A pretty good text on the decline of liberalism in world politics in recent years. Many of the problems are related to the unintentional effects of policies that have been called liberal, sometimes accurately, sometimes not. Fukuyama defines liberalism as arguing "for the limitation of the powers of government through law and ultimately constitutions, creating institutions protecting the rights of individuals..." Fukuyama criticizes neoliberalism as an economic liberalism that has increased inequality and directly or indirectly caused many of the issues besetting liberalism today. He points out that the threats to liberal democracy comes in different ways from both the left and the right.
Fukuyama discusses the issues of equality, dignity, individualism, diversity and pluralism, and the ways these simultaneously reinforce and conflict with one another. He is refreshingly candid about the difficulties involved in maintaining a society that balances these values. He is scathing about the neoconservatism of Patrick Deneen, Yoram Hazony and others. He expertly analyses the various aspects of identity politics. His comments on post-modern thinking by Michel Foucault and others illuminates the connections with both sides of the current so-called culture wars. The discussion of national identity acknowledges the dangers of nationalism but also recognizes that "national identity is a social construct, and it can be shaped to support rather than undermine liberal values." He thinks liberals should be more proud of national identity when it refers to an open society.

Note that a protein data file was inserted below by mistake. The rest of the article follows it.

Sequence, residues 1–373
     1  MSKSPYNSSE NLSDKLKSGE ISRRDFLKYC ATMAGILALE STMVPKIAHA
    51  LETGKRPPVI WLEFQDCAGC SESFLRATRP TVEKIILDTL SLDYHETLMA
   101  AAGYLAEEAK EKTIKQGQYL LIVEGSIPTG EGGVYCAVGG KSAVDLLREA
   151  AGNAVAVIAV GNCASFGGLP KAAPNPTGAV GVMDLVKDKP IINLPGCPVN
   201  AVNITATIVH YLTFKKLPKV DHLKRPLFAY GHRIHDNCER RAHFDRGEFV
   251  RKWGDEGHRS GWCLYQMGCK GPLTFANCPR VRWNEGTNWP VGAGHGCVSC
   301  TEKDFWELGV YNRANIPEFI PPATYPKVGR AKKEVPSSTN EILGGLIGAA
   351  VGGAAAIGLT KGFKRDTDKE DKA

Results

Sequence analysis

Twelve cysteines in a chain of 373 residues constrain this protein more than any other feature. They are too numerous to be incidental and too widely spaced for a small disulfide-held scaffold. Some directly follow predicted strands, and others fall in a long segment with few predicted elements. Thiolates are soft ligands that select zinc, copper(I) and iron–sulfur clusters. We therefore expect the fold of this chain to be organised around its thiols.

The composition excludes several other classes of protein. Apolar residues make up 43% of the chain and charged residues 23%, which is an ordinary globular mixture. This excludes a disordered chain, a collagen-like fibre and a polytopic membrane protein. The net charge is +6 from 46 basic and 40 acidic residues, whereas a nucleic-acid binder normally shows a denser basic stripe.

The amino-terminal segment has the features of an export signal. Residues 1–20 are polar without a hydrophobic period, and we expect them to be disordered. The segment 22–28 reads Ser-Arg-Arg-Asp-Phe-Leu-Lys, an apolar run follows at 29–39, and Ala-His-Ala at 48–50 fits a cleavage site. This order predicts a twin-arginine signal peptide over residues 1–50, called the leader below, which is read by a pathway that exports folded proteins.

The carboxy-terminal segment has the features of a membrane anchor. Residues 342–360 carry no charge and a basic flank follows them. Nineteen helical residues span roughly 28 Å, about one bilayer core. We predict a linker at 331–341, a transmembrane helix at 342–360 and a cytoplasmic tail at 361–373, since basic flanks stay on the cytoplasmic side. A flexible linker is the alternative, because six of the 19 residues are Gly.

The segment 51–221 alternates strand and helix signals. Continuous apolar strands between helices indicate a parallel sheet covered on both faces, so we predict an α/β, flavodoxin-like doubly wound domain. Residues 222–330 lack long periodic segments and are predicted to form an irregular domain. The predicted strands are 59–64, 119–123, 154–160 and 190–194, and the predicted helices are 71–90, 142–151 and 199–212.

His conclusions for a defense of a liberal society include stating a number of liberal principles, which I do not discuss here; that would require at least an entire essay. The final word in Fukyama's book goes to the value of moderation, a value espoused by the ancient Greeks, among others. The quest for the totality of some value in politics may be most fundamental error of our age.